The Dec. 2012 issue of Industrial Biotechnology featured a special research section highlighting innovative uses of nanotechnology in agriculture and food in the US. The Jan. 28, 2013 news release on EurekAlert provides more detail,
The U.S. Department of Agriculture (USDA) invests nearly $10 million a year to support about 250 nanoscale science and engineering projects that could lead to revolutionary advances in agriculture and food systems. …
In their introductory article, “Overview: Nanoscale Science and Engineering for Agriculture and Food Systems,” Co-Guest Editors Norman Scott, PhD, Professor, Cornell University (Ithaca, NY) and Hongda Chen, PhD, National Program Leader, National Institute of Food and Agriculture, USDA (Washington, DC), describe the promising early advances nanotechnology is enabling all along the food supply chain, from production through consumption, and especially in the area of food safety.
This special issue of IB [Industrial Biotechnology] includes the review article “Bioactivity and Biomodification of Ag, ZnO, and CuO Nanoparticles with Relevance to Plant Performance in Agriculture” by Anne Anderson and coauthors, Utah State University, Logan, in which they discuss the environmental factors that affect the biological activity and potential agricultural utility of nanoparticle. In the original research article “Effect of Silver Nanoparticles on Soil Denitrification Kinetics” Allison Rick VandeVoort and Yuji Arai, Clemson University (South Carolina), describe the effects of three different silver nanoparticles on native bacteria-mediated soil denitrification.
The short communication “Soft Lithography-Based Fabrication of Biopolymer Microparticles for Nutrient Microencapsulation” by Natalia Higuita-Castro, et al., The Ohio State University and Abbott Nutrition Products Division, Columbus, OH, describes a high-throughput microfabrication method to encapsulate nutrients that can enhance food nutritional value and appearance. Dan Luo and colleagues, Cornell University, Ithaca, NY, present a promising microfluidic-based scale-up method for cell-free protein production in the methods article “Cell-Free Protein Expression from DNA-Based Hydrogel (P-Gel) Droplets for Scale-Up Production.”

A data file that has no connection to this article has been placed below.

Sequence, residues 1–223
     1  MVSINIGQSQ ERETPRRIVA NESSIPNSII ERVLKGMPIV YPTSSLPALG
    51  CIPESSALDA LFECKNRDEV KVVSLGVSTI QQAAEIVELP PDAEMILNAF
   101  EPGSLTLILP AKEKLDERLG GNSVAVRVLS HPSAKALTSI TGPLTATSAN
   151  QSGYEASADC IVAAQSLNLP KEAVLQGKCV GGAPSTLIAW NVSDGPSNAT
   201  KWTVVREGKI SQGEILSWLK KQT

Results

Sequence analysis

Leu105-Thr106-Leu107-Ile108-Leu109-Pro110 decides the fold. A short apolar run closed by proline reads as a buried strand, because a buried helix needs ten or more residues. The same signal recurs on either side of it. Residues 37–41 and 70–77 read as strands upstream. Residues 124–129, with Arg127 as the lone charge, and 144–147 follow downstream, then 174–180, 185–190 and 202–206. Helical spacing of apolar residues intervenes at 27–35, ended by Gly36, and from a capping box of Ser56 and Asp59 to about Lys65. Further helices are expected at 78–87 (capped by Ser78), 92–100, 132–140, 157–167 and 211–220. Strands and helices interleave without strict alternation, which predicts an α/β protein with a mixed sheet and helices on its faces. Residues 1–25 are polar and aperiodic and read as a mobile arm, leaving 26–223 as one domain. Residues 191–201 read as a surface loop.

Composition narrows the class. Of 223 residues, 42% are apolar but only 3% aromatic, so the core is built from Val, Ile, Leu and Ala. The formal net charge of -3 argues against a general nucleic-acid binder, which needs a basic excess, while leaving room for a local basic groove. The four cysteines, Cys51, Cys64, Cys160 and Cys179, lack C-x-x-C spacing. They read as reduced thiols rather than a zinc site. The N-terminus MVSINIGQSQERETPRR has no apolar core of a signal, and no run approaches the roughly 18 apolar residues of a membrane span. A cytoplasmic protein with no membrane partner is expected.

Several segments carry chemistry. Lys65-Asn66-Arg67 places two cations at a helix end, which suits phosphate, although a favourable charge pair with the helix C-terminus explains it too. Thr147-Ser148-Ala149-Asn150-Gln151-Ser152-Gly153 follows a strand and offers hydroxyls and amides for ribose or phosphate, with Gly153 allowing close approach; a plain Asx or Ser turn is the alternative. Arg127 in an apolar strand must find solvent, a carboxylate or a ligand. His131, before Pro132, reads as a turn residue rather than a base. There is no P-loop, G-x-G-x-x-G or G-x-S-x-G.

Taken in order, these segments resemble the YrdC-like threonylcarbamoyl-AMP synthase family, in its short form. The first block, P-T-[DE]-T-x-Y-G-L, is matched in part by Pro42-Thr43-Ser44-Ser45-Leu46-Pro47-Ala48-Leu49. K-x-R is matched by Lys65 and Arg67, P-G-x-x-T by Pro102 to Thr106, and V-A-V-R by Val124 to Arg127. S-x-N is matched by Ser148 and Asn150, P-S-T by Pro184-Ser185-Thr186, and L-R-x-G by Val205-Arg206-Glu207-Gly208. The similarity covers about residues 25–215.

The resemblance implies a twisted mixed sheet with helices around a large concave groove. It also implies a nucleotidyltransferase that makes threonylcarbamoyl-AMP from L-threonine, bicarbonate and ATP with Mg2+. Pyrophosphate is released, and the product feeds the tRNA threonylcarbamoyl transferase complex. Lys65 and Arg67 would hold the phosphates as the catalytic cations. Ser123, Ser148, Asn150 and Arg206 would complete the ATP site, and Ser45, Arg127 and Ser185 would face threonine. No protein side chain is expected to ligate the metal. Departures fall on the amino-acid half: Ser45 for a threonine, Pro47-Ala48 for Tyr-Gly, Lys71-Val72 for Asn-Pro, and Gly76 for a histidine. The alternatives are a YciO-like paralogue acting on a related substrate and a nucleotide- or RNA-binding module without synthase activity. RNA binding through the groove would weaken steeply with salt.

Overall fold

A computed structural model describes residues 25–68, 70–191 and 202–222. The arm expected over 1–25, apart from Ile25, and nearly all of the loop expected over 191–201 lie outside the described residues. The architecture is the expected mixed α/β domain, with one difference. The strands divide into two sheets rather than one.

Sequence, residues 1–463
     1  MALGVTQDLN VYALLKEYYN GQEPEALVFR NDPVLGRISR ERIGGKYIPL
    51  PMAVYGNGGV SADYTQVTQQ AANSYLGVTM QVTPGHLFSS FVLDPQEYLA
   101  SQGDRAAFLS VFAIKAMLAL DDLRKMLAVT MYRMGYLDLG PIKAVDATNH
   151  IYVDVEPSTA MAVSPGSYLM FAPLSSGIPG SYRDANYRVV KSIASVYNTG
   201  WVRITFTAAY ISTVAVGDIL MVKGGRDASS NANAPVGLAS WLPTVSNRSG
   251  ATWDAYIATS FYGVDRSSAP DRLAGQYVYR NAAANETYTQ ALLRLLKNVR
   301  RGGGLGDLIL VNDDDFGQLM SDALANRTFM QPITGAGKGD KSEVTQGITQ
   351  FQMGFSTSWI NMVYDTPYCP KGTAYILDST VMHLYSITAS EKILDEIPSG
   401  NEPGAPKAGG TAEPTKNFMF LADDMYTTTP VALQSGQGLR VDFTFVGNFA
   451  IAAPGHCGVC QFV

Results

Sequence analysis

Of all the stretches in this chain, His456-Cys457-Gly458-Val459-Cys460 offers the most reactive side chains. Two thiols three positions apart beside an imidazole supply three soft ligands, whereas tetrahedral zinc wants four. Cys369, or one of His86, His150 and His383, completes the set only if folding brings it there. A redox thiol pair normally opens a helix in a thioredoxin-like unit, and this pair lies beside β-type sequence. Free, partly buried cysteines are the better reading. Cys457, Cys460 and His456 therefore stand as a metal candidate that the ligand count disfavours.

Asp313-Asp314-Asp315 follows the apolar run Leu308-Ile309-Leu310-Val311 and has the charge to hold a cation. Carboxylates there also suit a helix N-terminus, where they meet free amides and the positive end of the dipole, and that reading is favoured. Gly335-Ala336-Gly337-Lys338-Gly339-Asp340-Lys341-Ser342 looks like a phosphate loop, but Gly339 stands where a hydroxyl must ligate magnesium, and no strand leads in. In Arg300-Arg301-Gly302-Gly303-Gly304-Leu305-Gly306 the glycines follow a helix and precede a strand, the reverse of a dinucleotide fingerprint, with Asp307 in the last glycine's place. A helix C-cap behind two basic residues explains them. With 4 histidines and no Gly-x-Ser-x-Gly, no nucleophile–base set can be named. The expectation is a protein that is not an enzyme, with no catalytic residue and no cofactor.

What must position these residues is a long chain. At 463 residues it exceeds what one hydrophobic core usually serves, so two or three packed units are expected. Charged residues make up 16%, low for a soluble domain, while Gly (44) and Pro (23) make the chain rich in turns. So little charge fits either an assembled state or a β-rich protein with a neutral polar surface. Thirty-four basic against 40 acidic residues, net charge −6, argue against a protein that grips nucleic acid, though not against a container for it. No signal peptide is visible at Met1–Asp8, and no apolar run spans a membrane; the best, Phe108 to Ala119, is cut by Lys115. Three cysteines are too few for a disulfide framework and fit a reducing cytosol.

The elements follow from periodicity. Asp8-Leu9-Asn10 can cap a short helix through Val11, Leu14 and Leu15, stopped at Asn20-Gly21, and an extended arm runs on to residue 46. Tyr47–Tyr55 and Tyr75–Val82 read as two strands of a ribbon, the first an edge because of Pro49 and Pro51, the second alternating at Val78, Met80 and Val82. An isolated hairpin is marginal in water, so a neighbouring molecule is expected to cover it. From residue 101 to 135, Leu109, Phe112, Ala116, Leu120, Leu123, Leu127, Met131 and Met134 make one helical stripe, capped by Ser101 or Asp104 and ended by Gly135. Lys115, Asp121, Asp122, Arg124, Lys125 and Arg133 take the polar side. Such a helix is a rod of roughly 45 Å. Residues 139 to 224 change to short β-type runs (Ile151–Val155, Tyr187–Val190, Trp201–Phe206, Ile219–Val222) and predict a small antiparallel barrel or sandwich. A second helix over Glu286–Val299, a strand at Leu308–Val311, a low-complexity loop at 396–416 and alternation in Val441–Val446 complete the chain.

“The rapid expansion in nanoscale science and technology in our community with new insights and methods in biomolecular and cellular processing will spur industrial biotechnology innovation in a number of important sectors,” says Larry Walker, PhD, Co-Editor-in-Chief and Professor, Biological & Environmental Engineering, Cornell University, Ithaca, NY.
These articles are open access although I don’t believe that the journal is necessarily open access. Before I explain that further, here’s a bit more about the editors and the publisher,
About the Journal
Industrial Biotechnology, led by Co-Editors-in-Chief Larry Walker, PhD, and Glenn Nedwin, PhD, MBA, is an authoritative journal focused on biobased industrial and environmental products and processes, published bimonthly in print and online. The Journal reports on the science, business, and policy developments of the emerging global bioeconomy, including biobased production of energy and fuels, chemicals, materials, and consumer goods. The articles published include critically reviewed original research in all related sciences (biology, biochemistry, chemical and process engineering, agriculture), in addition to expert commentary on current policy, funding, markets, business, legal issues, and science trends. Industrial Biotechnology offers the premier forum bridging basic research and R&D with later-stage commercialization for sustainable biobased industrial and environmental applications.
About the Publisher
Mary Ann Liebert, Inc., publishers is a privately held, fully integrated media company known for establishing authoritative medical and biomedical peer-reviewed journals, including Metabolic Syndrome and Related Disorders, Population Health Management, Diabetes Technology & Therapeutics, and Journal of Women’s Health. Its biotechnology trade magazine, Genetic Engineering & Biotechnology News (GEN), was the first in its field and is today the industry’s most widely read publication worldwide. A complete list of the firm’s 70 journals, newsmagazines, and books is available on the Mary Ann Liebert, Inc., publishers website at http://www.liebertpub.com.
The publisher, Mary Ann Liebert, offers an open access option to authors and research funders, which means that for a fee, an article will be freely available online but (I strongly suspect) not all the articles in a journal issue are necessarily published under an open access agreement. In contrast, if it’s an article in a Wiley or Elsevier journal, you can be pretty much guaranteed that the online article is behind a paywall.